How to drink Pineau des Charentes?

Pineau des Charentes is traditionally enjoyed as an aperitif, however in recent years it has evolved and is now also used as a base for cocktails and mixed drinks. Due to its versatility, Pineau can also make an excellent pairing to a wide range of cuisines. 

Where can I buy Pineau des Charentes?

Pineau has not gone global to the same extent as Cognac, it is predominantly popular in France. However, Pineau’s international popularity has begun to grow and it now has a presence in countries such as Belgium, Canada and the U.S. Find here a great selection of Pineau des Charentes.

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Max founded Cognac Expert in 2009, and very much into Cognac and French Spirits tasting, blogging & commerce. His topics are marketing, technology, startups, and business development. He’s also an organic farmer for wheat, hay and vines. A big heart for machines and tractors. Starting as a blog, today Cognac Expert is the world’s largest platfrom about all things Cognac, a blog, and a specialized online shop featuring 1500+ different Cognac bottles.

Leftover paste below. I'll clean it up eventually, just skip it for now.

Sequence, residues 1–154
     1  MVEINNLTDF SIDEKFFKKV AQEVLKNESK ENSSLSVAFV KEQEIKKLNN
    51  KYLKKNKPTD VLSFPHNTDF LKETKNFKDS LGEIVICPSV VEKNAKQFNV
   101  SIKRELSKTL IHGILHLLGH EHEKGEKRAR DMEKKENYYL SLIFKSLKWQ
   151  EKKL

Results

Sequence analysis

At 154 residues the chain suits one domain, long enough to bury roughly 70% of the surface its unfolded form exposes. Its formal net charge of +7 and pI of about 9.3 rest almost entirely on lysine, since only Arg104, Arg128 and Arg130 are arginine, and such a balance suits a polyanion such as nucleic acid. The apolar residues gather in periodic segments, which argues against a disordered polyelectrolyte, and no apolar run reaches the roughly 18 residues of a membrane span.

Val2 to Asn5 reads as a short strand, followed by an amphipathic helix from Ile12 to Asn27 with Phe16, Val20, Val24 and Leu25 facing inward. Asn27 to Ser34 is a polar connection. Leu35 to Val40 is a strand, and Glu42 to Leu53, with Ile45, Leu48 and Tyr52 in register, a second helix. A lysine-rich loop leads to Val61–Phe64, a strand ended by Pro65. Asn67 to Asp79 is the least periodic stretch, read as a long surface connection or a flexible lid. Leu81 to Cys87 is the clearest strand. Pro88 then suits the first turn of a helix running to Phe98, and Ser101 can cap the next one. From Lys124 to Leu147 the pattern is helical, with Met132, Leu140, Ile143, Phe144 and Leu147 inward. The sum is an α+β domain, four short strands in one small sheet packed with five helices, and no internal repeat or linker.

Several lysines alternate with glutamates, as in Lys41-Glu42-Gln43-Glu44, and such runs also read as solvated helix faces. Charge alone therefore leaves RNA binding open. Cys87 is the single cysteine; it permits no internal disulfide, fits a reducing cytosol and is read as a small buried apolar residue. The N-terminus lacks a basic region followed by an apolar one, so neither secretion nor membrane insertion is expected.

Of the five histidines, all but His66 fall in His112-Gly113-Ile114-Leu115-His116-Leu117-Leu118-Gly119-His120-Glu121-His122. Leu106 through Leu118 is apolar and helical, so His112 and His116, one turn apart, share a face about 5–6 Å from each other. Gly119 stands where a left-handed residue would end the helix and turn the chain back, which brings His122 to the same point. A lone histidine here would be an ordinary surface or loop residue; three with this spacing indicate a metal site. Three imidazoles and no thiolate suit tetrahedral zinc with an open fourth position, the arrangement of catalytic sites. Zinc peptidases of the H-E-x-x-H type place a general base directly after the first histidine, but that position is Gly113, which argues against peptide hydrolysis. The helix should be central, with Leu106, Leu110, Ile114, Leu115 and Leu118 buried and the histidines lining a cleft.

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    Alas, petite liquor from moet is no longer produced. however, I saw a recipe for it on the net that requires pineau. And that’s how I discovered a wonderful aperitif!